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Themes of 2016

Posted: 6 January 2017 in Uncategorized

Looking back over the past year, here are the ten major themes I found in my blog posts: inequality critique of mainstream economics the U.S. presidential election, especially Bernie Sanders and Donald Trump class and surplus epistemology, especially uncertainty utopia working-class corporations and capital academy critique of liberalism We’ll see what happens in the current year. . […]

Where does all the surplus in the U.S. economy go? Well, a large chunk of it is captured by the top 1 percent, whose share of national income almost doubled between 1970 and 2014—from 11 percent to 20.2 percent. Equally interesting is the composition of that growing share of national income, which we can decompose thanks […]

Capitalism is a giant machine for pumping out the surplus from workers—just like feudalism, slavery, and other class-based economies before it. That’s from one perspective. But the capitalist machine isn’t just about the “vampire thirst for the living blood of labor.” It also involves various mechanisms for capturing that surplus—in the form of dividends, CEO salaries, interest payments, […]

The share of income captured by the 1 percent more than doubled (from 10 to 20.1 percent) between 1980 and 2013. How did they do it? Well, we know the tiny group at the top received much higher CEO salaries as well as stock dividends, capital gains, interest payments, and rent on the land and buildings they […]

It is extraordinary that the hegemonic economic theory in the world today—neoclassical economics—still lacks an adequate theory of the firm. It beggars belief both because neoclassical economics is the predominant theory that is taught to hundreds of thousands of students every year and used to make sense of the world and formulate policy in countless think thanks […]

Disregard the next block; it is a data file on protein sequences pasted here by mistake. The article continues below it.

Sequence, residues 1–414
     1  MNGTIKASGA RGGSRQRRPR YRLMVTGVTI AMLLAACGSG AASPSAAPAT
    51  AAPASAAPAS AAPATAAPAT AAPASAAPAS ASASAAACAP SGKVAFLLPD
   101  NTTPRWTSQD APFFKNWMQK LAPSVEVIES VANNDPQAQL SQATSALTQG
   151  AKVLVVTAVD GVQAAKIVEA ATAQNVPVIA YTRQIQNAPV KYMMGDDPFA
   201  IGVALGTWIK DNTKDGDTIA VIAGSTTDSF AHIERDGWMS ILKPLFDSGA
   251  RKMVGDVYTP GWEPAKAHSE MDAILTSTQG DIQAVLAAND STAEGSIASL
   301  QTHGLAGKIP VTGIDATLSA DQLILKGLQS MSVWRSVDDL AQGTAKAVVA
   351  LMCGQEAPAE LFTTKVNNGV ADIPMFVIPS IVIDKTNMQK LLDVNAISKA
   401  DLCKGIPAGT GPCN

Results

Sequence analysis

Now that President Trump has begun carrying out his campaign pledges to undo America’s trade ties, formally withdrawing the United States from the Trans-Pacific Partnership and announcing he will start to renegotiate the North American Free Trade Agreement, it’s time to analyze what this means. As it turns out, I’d already started to do this before the election, with […]

Like many liberal economic nationalists, who are concerned about both inequality and economic growth, Michael Lind attempts to make a distinction between “takers” and “makers.” As against conservative economic nationalists, who blame immigrants and the welfare-dependent poor, Lind focuses his attention on the “rent-extracting, unproductive rich” for undermining the dynamism and fairness of contemporary capitalism. The […]

The capitalist machine is broken—and no one seems to know how to fix it. The machine I’m referring to is the one whereby the “capitalist” (i.e., the boards of directors of large corporations) converts the “surplus” (i.e., corporate profits) into additional “capital” (i.e., nonresidential fixed investment)—thereby preserving the pact with the devil: the capitalists are the ones […]

During the recent presidential campaign, Donald Trump promised to revitalize American manufacturing—and bring back “good” manufacturing jobs. So did Hillary Clinton. What neither candidate was willing to acknowledge is that, while manufacturing output was already on the rebound after the Great Recession, the jobs weren’t going to come back. As is clear from the chart […]

Mainstream economists continue to invoke the rent-seeking argument (as I have argued before, e.g., here and here) to make sense of rising inequality. So, I asked Joseph Collins, a professor of Political Economy at the University of Sydney and a specialist in rent theory, landed property, and extractive industry, to make sense of the current […]